Growth Categories: Natural Mineral Water Naturally healthy (NH) mineral water benefits from multiple possible consumption occasions, premium hydration, and being an alternative for hydration during and after sports activities, as consumers are conscious of the sugar content and artificial ingredients in sports and energy drinks. The fact that every NH mineral water brand has a specific, identifiable source allows the brand owner to build a marketable story, and consequently an association with trust and traceability. This fits well with consumer desire for authenticity, traceability, and transparency. Sales of NH still spring water are also expected to advance rapidly, which is likely to spur manufacturers to locate new natural sources. The Wonderful Co’s Fiji water has a distinctive clean taste, purity, and country of origin (product identity); Fiji water is a rising star in NH water, with global sales increasing by 56% over 2011-2016.
China’s Water Opportunity The huge potential in bottled water in China has attracted plenty of players, and it is one of the most crowded consumer markets. However, water companies also face regulatory changes. A new pricing system requires large users of water sources to pay higher extraction fees. In addition, previously there was no clear definition as to how to name different types of bottled water. Thus, manufacturers often gave their brands various “fancy/marketing” names. In May 2015, the National Health and Family Planning Commission of the People’s Republic of China released updated National Standards for Packaged Drinking Water GB19298-2014. The new standards prevent companies that sell other still bottled water from naming their products commercially and stipulate that bottled water should only fall into two categories: natural mineral bottled water or other drinking water. This change put natural spring water (as defined by Euromonitor) into a marginal category.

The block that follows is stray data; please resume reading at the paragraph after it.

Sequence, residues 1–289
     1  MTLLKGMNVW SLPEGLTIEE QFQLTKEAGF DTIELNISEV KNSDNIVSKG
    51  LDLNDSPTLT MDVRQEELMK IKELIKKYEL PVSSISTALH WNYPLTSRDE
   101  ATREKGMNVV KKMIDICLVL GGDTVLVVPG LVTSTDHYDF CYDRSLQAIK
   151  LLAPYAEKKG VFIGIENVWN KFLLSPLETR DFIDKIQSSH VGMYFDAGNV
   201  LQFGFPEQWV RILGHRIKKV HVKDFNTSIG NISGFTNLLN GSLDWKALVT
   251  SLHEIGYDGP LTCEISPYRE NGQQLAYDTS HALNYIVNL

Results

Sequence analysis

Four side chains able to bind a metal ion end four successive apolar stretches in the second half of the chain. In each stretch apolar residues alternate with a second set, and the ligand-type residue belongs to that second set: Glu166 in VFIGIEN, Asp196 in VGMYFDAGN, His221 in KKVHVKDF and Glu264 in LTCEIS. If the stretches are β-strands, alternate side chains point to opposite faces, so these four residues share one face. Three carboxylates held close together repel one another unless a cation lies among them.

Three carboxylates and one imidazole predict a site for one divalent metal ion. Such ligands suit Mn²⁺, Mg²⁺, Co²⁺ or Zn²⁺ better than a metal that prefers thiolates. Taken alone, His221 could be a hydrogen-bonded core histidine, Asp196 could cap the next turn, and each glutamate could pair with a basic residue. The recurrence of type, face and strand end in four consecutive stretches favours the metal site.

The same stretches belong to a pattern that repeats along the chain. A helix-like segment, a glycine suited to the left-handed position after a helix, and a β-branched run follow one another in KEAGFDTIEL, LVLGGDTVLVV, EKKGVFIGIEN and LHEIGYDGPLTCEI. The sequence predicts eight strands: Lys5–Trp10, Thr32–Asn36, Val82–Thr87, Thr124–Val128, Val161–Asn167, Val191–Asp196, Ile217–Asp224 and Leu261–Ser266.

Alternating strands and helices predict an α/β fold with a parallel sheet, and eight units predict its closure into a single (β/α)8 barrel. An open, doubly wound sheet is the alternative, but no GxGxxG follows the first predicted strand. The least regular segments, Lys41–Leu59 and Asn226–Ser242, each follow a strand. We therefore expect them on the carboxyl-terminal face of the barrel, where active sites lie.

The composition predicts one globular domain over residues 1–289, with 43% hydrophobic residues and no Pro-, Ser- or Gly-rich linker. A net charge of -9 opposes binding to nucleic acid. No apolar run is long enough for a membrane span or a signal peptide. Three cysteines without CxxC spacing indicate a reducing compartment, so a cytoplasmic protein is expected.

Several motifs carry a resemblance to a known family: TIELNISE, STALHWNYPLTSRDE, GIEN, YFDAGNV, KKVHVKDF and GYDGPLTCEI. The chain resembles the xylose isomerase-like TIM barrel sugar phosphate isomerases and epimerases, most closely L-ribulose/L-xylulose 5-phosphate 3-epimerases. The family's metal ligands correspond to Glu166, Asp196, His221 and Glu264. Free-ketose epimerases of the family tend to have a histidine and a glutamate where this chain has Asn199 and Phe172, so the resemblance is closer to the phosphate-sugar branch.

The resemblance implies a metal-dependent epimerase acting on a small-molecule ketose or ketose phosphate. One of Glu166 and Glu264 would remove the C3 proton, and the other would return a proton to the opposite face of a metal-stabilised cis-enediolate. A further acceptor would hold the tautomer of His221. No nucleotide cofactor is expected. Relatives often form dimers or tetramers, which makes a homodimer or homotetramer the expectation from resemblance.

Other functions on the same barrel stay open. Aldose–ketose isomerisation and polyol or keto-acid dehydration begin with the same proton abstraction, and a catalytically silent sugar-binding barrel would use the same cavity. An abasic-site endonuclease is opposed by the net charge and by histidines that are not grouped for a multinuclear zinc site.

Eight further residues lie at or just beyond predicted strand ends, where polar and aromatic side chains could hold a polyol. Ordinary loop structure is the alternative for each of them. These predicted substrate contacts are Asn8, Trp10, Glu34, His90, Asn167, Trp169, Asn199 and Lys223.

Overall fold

In terms of product naming, to meet the requirements of the new standard, the name given to a packaged drinking water product should be scientifically correct. It is not permissible to name a product by one, or several ingredients, except for water. The misleading practice of using creative marketing descriptions for water products will be regulated. The change will put pressure on manufacturers’ marketing strategies, especially if they wish to expand in functional water.
Organic Juice: ‘Super Natural’ Credentials In most markets, organic juice is seen as a super premium and super natural juice. The global retail value sales of commercially packaged organic juice amounted to around $2 billion in 2016; unsurprisingly, sales are concentrated in developed countries. North America generates the highest share of sales, accounting for half the global value. It is expected that Russia, Brazil, and India will also grow rapidly in the next few years, while sales in China will remain negligible. Given the healthy image of organic food and beverages, and the importance of organic farming as a sustainable agricultural model, both volume and value opportunities exist for organic juice in the long term. General Mills has recently made investments to expand its organic sourcing.
However, highly regulated organic agricultural methods and inadequate financial support for organic farming in some countries may limit the mass production of organic fruit and vegetables. While the EU has its own organic labeling rules and certification, other countries may have their own rules. This makes it difficult to sustain a globally viable brand with the organic certified label.
Summary Ancient wisdom such as TCM offers a window of opportunity for manufacturers given that botanicals fit perfectly with the word “natural.” The popularity of coconut water will continue as major companies are investing heavily in the product. Organic juice is expanding rapidly, however, growth is likely to be limited by costly certification and conversion to organic farming.
NH mineral water is a regulated category in most countries, and the process of application for such labels can be long and approval difficult to come by. Some TCM herbs may not be palatable to a Western audience and it takes resources to nurture a consumer base. Organic certification and farming is desirable; but to make it scalable and economically sustainable remains a challenge.
SOURCE - EUROMONITOR INTERNATIONAL, 2019.